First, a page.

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126 tiger deaths, the highest in a decade reported in 2021

According to NTCA, the country has registered 126 tiger deaths this year, the highest in a decade

The year end doesn’t spell well for the wildlife and animal lovers of the country, as the National Tiger Conservation Authority has reported 126 tiger deaths in 2021 – the highest in a decade.

Sixty of these 126, according to NTCA, died due to poaching, man-animal conflict outside the protected areas and accidents.

NTCA has been maintaining the record of the public deaths of the felines since 2012.

The data this year has led to concern among the wildlife experts and officials with demand for rigorous conservation efforts and initiatives, especially in the reserve forest areas.

The break-up of the figures shows that Madhya Pradesh which has a population of 526 tigers, has registered 41 deaths, the highest number, followed by Maharashtra which has 312 tigers and lost 25, while Karnataka with 524 tigers has registered 15 deaths. Uttar Pradesh with 173 tigers, showed a figure of nine deaths.

Wildlife expert suggested that the death toll could be higher as many of the natural deaths occurring in the reserve are not reported.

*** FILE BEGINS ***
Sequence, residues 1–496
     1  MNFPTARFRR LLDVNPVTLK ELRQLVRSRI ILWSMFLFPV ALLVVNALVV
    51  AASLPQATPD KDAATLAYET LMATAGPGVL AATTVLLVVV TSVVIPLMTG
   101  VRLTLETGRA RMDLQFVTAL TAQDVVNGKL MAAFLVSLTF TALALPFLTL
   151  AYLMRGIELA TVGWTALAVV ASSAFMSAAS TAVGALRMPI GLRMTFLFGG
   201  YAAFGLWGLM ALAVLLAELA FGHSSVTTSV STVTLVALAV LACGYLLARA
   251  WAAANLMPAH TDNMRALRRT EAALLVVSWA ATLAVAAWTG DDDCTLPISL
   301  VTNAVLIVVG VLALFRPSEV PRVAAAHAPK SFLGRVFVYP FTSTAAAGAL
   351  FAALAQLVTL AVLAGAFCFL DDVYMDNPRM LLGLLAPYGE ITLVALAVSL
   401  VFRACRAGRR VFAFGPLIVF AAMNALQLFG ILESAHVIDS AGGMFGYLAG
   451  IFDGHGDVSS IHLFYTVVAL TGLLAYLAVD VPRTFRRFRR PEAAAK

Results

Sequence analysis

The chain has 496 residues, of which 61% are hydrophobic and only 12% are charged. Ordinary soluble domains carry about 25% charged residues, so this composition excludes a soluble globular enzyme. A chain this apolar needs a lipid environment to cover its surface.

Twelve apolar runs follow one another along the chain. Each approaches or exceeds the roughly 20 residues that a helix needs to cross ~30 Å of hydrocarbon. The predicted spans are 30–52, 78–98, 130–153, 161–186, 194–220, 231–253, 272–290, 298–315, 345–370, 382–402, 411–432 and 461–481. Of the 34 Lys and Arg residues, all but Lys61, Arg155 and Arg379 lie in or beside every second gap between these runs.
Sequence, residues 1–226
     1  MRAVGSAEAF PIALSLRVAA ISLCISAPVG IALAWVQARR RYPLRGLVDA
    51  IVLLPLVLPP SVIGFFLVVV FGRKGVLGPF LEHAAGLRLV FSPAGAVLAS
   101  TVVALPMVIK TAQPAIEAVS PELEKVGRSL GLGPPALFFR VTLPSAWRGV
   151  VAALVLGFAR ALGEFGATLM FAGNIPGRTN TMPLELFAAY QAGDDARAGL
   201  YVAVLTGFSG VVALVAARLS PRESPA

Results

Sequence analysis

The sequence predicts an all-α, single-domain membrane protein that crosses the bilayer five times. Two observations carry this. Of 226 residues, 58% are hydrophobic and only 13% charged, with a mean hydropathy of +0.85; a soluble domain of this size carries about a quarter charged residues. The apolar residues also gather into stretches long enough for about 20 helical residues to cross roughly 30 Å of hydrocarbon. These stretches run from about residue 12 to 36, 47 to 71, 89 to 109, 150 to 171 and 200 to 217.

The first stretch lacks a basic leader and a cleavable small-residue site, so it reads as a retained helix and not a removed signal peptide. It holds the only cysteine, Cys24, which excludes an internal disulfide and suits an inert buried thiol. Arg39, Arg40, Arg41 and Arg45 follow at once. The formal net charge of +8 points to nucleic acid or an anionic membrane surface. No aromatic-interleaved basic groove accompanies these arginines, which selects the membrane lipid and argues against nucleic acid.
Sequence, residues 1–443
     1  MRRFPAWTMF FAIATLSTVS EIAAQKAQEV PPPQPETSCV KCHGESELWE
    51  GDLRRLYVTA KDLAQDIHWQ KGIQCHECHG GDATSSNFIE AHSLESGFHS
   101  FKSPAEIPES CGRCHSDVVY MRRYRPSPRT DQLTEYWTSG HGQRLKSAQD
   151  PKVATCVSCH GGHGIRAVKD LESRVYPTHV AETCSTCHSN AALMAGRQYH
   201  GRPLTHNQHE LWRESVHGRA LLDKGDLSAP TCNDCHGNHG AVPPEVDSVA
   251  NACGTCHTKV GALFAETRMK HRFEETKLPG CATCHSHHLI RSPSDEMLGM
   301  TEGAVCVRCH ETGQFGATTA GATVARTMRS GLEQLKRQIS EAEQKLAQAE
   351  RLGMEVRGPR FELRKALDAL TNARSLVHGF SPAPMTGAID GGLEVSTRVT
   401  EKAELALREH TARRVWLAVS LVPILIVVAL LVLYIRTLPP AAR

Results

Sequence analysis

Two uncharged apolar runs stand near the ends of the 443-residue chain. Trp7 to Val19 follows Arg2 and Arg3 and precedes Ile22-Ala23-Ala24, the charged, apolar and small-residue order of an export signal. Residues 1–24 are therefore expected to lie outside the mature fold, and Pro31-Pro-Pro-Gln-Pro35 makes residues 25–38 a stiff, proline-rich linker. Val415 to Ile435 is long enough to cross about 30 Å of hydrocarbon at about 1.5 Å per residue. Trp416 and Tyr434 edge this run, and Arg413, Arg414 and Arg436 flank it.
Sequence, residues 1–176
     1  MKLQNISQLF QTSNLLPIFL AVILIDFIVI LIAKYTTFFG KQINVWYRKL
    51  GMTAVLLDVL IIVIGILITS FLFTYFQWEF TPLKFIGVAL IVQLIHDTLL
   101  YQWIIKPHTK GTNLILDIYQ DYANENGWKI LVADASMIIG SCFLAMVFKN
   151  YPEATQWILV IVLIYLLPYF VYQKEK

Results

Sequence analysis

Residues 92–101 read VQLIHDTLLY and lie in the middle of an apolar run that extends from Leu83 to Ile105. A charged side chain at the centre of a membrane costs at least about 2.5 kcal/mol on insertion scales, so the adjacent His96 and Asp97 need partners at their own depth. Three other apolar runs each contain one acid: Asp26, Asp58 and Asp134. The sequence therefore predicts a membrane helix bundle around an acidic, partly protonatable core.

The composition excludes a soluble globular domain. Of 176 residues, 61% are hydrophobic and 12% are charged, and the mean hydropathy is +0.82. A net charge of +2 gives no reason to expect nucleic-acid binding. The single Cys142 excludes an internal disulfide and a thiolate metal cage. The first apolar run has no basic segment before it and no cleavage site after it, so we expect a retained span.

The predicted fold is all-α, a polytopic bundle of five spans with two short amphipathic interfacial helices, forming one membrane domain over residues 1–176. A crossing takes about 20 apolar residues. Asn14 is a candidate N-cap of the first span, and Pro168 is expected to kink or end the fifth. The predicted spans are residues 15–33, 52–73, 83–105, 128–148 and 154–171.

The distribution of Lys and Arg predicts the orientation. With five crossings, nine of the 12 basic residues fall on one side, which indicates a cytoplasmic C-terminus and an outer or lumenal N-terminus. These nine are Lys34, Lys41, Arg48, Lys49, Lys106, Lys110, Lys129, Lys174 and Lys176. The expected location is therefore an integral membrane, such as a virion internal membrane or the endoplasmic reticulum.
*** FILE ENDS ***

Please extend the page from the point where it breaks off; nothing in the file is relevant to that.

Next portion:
Officials insist that to check these rising death figures, urgent steps are required to especially mitigate man-animal conflict by designating and ensuring clear passages and corridors to enable the tigers to move to other forests. This is important considering that tigers can cover hundreds of kilometres in search of territories, thus requiring clear passages and corridors.

Expansion of human settlement and activities has led to considerable pressure on reserved forests, blocking the corridors in many places. The big cats have tried to adapt to the situation like in Uttar Pradesh many have been found living in sugarcane fields or social forestry areas.

Experts also feel that involvement of the locals is necessary by sensitising and making them aware about tigers and leopards. Talking to TOI, Dr. Mudit Gupta, WWF-India State Coordinator who is working with the forest departments of Uttarakhand and Uttar Pradesh said: “We started a campaign called Bagh-Mitra in UP, in which we shortlisted people from villages adjacent to forest areas. The role of these bagh mitra was to sensitise local residents, help them understand the behaviour of tigers and leopards, identify pug marks, and provide support during rescue operations. This worked quite well. Similar measures could be taken in other States to reduce deaths due to conflict.”